Constructors in C#



A constructor is a special method available under every class responsible for initializing variables of the class.

The name of the constructor method will be the same as the class name and the method does not return a value.

Every class requires a constructor for execution and if not present the class can't be executed so if the programmer did not define a constructor under his class then the compiler defines a constructor for the class while compiling.

We can also define our own constructor in a class as follows:

[ <modifiers>] name ([ <param definations>])
{
Statements
}

Class Condemo

class Condemo()
{
Console.writeline("constructor");
}
Void demo
{
Console.writeline("method");
}

static void main()
{
Condemo cd1=new Condemo();
Condemo cd2=new Condemo();
Condemo cd3=cd2;
Cd1.demo();cd2.demo();cd3.demo();
Console.readline();
}}

When we execute the above class the first statement under constructor condemo() will execute thrice and then all remaining operations are executed.

The constructor are of two types

  1. Default or zero argument constructor
  2. Parametertised constructor

A constructor without a parameter is known as the default constructor. This can be defined either by the programmer or will be defined automatically by the compiler when there is not a constructor in a class.

A constructor with a input parameter is known as a parameterized constructor. This can be defined by the programmer.

If the constructor is parameterized then we need to provide values for the parameter(s) when creating an object of the class; to try a parameterized constructor, using our previous class condemo is as follows:

Class condemo

Condemo(int x)
{
Console.writeline("constructor" +x);
}

Now in the main method, values are passed to the constructor when creating it's object as follows:
Condemo cd1=new condemo(10);
Condemo cd1=new condemo(20);

Add class conparams.cs and write the following:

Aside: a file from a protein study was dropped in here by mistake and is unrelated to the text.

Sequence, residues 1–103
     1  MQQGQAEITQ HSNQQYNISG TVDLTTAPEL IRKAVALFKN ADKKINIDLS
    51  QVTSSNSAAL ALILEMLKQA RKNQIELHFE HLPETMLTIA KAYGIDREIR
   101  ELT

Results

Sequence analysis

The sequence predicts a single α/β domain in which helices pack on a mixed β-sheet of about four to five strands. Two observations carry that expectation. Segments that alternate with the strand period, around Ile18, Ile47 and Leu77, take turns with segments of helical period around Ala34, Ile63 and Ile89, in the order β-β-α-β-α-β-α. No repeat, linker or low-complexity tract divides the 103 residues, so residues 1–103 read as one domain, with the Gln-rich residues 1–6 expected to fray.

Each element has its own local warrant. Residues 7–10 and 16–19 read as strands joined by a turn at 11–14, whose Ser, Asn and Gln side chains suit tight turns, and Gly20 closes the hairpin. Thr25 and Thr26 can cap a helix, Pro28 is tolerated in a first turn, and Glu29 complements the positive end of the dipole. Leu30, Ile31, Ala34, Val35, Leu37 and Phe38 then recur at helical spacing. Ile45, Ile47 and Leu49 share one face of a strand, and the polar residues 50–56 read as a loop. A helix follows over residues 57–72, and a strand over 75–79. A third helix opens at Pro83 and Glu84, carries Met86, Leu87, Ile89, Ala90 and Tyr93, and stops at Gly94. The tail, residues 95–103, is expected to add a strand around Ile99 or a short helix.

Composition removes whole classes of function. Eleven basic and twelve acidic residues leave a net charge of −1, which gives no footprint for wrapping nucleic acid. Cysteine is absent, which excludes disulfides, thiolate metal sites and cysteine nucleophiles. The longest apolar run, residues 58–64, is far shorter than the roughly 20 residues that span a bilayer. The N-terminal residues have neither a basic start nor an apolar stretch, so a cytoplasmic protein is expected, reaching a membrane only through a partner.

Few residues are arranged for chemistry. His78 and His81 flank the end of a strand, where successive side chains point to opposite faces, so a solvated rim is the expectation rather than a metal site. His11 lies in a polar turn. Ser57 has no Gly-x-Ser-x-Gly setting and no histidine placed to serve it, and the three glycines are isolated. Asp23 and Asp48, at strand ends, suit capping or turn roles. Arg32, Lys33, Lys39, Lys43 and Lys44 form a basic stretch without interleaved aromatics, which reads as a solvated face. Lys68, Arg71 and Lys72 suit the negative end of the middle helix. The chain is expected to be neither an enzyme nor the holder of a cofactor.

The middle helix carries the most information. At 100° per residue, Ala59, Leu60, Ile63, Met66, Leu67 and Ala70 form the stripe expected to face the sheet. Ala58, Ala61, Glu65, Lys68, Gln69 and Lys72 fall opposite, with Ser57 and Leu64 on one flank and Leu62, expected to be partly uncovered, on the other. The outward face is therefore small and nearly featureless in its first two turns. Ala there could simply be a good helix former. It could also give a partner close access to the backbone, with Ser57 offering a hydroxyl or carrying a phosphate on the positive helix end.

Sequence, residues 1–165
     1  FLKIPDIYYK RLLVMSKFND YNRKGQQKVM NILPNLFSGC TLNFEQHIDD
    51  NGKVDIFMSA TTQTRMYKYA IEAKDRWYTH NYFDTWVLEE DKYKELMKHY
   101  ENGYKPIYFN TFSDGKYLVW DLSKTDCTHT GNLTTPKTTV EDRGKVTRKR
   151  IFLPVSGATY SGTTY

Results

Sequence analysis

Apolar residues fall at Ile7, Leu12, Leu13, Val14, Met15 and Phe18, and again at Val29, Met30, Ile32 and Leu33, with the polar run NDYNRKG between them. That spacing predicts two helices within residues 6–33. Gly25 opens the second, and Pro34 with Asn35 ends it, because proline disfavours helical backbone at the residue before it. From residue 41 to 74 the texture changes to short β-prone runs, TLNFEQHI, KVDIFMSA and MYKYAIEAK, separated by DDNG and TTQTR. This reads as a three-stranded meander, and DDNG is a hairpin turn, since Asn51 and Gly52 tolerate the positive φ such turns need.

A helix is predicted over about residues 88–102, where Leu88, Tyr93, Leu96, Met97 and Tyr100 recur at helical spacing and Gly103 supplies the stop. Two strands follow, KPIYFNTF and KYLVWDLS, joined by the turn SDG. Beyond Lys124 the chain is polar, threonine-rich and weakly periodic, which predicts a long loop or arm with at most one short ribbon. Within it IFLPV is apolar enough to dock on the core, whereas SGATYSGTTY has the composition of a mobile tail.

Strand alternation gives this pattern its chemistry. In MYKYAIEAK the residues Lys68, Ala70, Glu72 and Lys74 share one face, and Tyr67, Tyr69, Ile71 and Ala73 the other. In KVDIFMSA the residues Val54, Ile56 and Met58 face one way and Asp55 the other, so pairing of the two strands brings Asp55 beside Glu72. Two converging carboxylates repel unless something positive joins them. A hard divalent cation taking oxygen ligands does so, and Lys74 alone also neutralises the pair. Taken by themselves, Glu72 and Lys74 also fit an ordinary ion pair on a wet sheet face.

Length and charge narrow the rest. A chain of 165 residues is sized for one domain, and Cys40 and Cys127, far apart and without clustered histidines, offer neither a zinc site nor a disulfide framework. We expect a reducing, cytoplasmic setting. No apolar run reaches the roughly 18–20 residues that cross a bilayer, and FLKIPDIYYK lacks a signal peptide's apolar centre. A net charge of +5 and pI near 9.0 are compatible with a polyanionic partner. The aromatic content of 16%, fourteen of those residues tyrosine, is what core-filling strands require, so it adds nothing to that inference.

Class conparams
{
Int x,y;
Conparams(intx,int y)
{
This.x=x; this.y=y
}

Void add()
{
Console.writeline(x+y);
}

Void sub()
{
Console.writeline(x-y);
}

Void mul()
{
Console.writeline(x*y);
}

Void div
{
Console.writeline(x/y);
}

Static void main()
{
Conparams p =new conparams(100,200)
p.add();p.sub();p.mul();p.div();
console.readline();
}

The above program shows that whenever a classs contains multiple methods that have to be executed using a set of vaues, in such cases it will be better if the values are provided in a constructor instead of methods.

Let's see one more example.
class Customer
{double bal;

Customer(int customerid)//constructor
{
Bal=<load data from database for given id
}

Double getbal
{
Return bal;
}
Void deposit
{
Bal+=amt;
}
Void withdraw
{
Bal-=amt;
}
}

In the above class, the variable bal in the class gets initialized in the constructor with a key value sent through a parameterized constructor.

There the value will be loaded for balance from database which can be as following:

Cust id cust name bal
101 xxx 5000
102 yyy 8787
103 ccc 7777

Now for each object we create the class customer by providing a customer id for maintaining a copy of a balance.

Ex:

Customer c1 =new customer(101);
Customer c1 =new customer(102);

Customer c1 =new customer(103);

Now transactions performed by customer using his object will perform changes on variable balance which was associated with it without reflecting changes to others.